/As most delay or cancel football, Mississippi private schools will play ball soon

As most delay or cancel football, Mississippi private schools will play ball soon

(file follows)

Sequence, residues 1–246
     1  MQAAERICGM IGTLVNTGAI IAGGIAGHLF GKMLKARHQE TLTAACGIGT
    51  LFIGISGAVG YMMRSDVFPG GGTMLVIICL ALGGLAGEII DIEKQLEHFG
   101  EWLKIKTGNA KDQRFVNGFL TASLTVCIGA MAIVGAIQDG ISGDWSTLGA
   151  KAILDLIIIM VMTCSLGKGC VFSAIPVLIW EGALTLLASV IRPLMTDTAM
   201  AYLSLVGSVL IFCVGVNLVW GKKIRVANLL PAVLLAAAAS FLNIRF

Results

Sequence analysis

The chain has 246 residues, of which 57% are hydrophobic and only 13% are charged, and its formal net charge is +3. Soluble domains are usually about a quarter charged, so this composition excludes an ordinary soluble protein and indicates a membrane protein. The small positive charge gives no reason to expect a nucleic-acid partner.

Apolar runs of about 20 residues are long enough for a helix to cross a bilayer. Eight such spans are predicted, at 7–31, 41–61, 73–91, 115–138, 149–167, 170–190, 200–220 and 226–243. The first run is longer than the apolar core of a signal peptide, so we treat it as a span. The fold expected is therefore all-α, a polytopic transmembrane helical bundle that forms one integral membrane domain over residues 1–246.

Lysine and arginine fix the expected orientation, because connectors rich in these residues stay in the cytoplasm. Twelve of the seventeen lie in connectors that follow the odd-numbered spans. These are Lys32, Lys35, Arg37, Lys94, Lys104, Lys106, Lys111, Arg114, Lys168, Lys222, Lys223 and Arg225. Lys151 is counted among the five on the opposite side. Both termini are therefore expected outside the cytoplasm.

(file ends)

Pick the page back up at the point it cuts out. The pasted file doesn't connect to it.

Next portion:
The Mid-South Association of Independent Schools, the governing body of Mississippi’s private schools, will open its regular season Thursday, August 20. However, several private school teams from the state are expected to participate in football jamborees that include multiple teams on August 13 and 14. In a telephone conversation Wednesday morning, Shane Blanton (MAIS executive director) said that “We’re excited about getting started.” We believe we have a great plan. We are trying to do our best for our children.” The start of the football season in Mississippi has been delayed by the public high schools. They will resume play on Sept. 4. The Southeastern Conference delayed the start of its football season until Sept. 26. Southwestern Athletic Conference has delayed football season until spring. Nearly every day, there are changes to football plans across the country. The University of Connecticut (UConn), which was originally scheduled to play Ole Miss, cancelled its 2020 football season Wednesday. The 2020 season was delayed by Louisiana’s public high school on Wednesday. Greenwood-Leflore County Schools in Mississippi have joined Greenville High School to cancel fall sports. The unanimous decision was made by Greenville’s school board last week. Greenwood-Leflore’s school board voted 3-2 Tuesday. Greenwood-Leflore high school includes Amanda Elzy, Leflore County, and Greenwood high schools. This list could expand. Other school systems in the state are also known to be considering options. Gov. Tate Reeves did not issue an executive order regarding the playing of football but stated in his scheduled press conference Tuesday that “Nobody loves high school sports as much I do.” However, Tate Reeves said that he would focus first on the education and well-being of students. There are many high school sports that can be safely played. “I know this for certain: I don’t see any scenario where there can be large crowds in the stands to watch these games.” Dr. Thomas Dobbs, the State Health Officer, stated that his main concern would be for the fans, not the players. Dobbs stated that there is a risk to the players. “Despite that, there are not many 65-year olds playing out on the field. There would be stands and that could encourage community growth in the surrounding areas. If we were to play football in the next few weeks, the stands will need to be almost empty.” Dobbs replied that he wouldn’t allow football to take place given Mississippi’s current COVID-19 numbers. MAIS chief Blanton stated that his organization has a plan to increase football attendance. Blanton stated that for at least the first weekend we will be able to accommodate 25 percent of our capacity. We hope to raise that to 50% and maybe even beyond as the state’s numbers improve. Alabama is going 100 percent since the beginning.” Blanton stated that Alabama’s crowd limits will be enforced by the schools. Traditional rivalry games, such as those with Jackson Prep, Jackson Academy, and Madison-Ridgeland Academy, often fill the stadiums. MRA will play at Jackson Academy Sept. 4. It is a reasonable question: How will it decide who can and who cannot attend? Even better, who will tell grandparents, grandfathers, aunts, and uncles that you are not allowed to come in? Mississippi’s current state restrictions restrict gatherings to 10 people indoors, and 20 outdoors. They also require social distancing of 6 feet between people who don’t live in the same house. The “gathering” limit on the field will be exceeded by any football game. This includes the sidelines and the stands. You can’t block, tackle or block from more than six feet away.